Lyke-Wake Dirge, The
DESCRIPTION: A warning to those not yet dead. Those who gave to the poor shall receive as they have given; those who have not will pay the penalty. "This ae nicht, this ae nicht, ilka nicht and alle -- Fire and sleet and candlelicht, and Christ receive thy soule"
KEYWORDS: death funeral lament religious Hell
REFERENCES (4 citations):
OBB 33, "A Lyke-Wake Dirge" (1 text)
ReedSmith, p. 5, "A Lyke-Wake Dirge" (1 text)
ADDITIONAL: Walter de la Mare, _Come Hither_, revised edition, 1928; #278, "A Lyke-Wake Dirge" (1 text)
NOTES: De la Mare quotes Sidgwick to the effect that sleet means not falling water but salt (the token of eternal life) -- or perhaps is an error for "fleet." The editors of the Oxford English Dictionary prefer the latter reading (remember that a "long s" looked very like an f, so it's an easy error). "Fleet" in this context would be a flat surface or floor -- it's the same word as J. R. R. Tolkien's "flet" for a platform in a tree. But it's not obvious what this would mean.
Bengt R. Jonsson suggests ("Oral Literature, Written Literature: The Ballad and Old Norse Genres," in Joseph Harris, editor, The Ballad and Oral Literature, Harvard University Press, 1991, p. 170), "As for the 'Lyke-Wake Dirge' we cannot entirely dismiss the possibility that we have to do with one out of many examples of Norwegian influence on Scottish tradition." The Norwegian influence is genuine, but Jonsson offers no real evidence for this particular contention.
Malcolm Douglas gave the following information about the tune to the Ballad-L list in 2008 (slightly edited, mostly for formatting reasons):
"The tune Hans Fried got from Peggy Richards [which was recorded by the Young Tradition] was written by Sir Harold Boulton, and first appeared in his Songs of the North(Vol I, c.1885) set to the text (slightly edited) from Scott. It had changed a bit in detail by the time it got to The Young Tradition, but not fundamentally. Songs of the North was immensely popular (at least 23 editions) and there would seem to be a decent chance that Peggy Richards (described as 'old') had learned it at school, or directly from print.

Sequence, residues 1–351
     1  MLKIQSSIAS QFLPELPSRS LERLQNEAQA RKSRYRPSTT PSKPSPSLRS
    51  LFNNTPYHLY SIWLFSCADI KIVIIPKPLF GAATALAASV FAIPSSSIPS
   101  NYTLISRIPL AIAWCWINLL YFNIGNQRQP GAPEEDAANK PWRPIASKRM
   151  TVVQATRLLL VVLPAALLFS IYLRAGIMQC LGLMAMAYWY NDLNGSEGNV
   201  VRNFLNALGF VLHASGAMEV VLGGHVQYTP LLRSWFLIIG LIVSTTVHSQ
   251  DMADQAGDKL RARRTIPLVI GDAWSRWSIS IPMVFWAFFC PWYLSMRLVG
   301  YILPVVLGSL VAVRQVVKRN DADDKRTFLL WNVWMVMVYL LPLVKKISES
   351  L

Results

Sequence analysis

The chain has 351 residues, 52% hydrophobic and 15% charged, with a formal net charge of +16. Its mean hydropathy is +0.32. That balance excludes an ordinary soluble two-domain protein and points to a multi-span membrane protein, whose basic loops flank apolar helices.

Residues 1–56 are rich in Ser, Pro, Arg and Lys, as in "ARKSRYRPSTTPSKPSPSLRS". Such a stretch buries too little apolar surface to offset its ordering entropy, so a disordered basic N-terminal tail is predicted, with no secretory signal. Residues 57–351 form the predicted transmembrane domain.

"It is *just* possible that a tune that may perhaps have been traditionally associated with the text survives. A song ('The Silkstone Disaster', written by Rowland Kellett) appeared in 'English Dance and Song' (XXXIII No 2 Summer 1971), set to a tune described as 'The Yorkshire Lyke-Wake'. Kellett noted that it was played as a funeral march in the Yorkshire Dales, but didn't say where, when or from whom he had got it. It bears no resemblance to Boulton's melody, but the words would fit.
"Some years later, the same tune (though slightly variant and in a different key) turned up in Blowzabella's tunebook 'Encyclopedia Blowzabellica.' There, it was titled 'Lyke Wake Dirge' and described as 'traditional' (but with a query if I remember correctly). No source was identified, and it's unclear whether the change of name is significant or not."
The connection with Yorkshire adds to the interest. According to Arnold Kellett, The Yorkshire Dictionary of Dialect, Tradition, and Folklore, revised edition, Smith Settle, 2002, p. 107, the Lyke Wake Dirge is a "funeral lament of great antiquity, the earliest example of Yorkshire dialect, not printed until 1686.The theme is the progress of the soul towards Purgatory and Hell, where good works done by the deceased in life help to minimise suffering. Though a Christian song, it has its roots in the pagan dread of death." The first verse quoted by Kellett opens, 'This yah neet, this yah neet, Ivvery neet an' all, Fire an' fleet an' cann'l leet," so it favors the reading "fleet" over "sleet." - RBW
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